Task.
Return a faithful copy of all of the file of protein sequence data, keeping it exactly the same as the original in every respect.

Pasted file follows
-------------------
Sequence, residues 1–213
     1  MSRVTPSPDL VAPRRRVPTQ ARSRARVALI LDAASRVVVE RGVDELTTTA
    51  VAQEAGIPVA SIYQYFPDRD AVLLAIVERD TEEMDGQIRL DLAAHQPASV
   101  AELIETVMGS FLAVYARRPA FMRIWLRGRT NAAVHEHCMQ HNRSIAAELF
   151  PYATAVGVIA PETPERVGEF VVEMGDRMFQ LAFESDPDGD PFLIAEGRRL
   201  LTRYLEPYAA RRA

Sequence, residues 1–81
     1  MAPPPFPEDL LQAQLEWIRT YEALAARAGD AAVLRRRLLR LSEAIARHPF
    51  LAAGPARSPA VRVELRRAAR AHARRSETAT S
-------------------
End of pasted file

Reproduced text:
Sequence, residues 1–213
     1  MSRVTPSPDL VAPRRRVPTQ ARSRARVALI LDAASRVVVE RGVDELTTTA
    51  VAQEAGIPVA SIYQYFPDRD AVLLAIVERD TEEMDGQIRL DLAAHQPASV
   101  AELIETVMGS FLAVYARRPA FMRIWLRGRT NAAVHEHCMQ HNRSIAAELF
   151  PYATAVGVIA PETPERVGEF VVEMGDRMFQ LAFESDPDGD PFLIAEGRRL
   201  LTRYLEPYAA RRA

Sequence, residues 1–81
     1  MAPPPFPEDL LQAQLEWIRT YEALAARAGD AAVLRRRLLR LSEAIARHPF
    51  LAAGPARSPA VRVELRRAAR AHARRSETAT S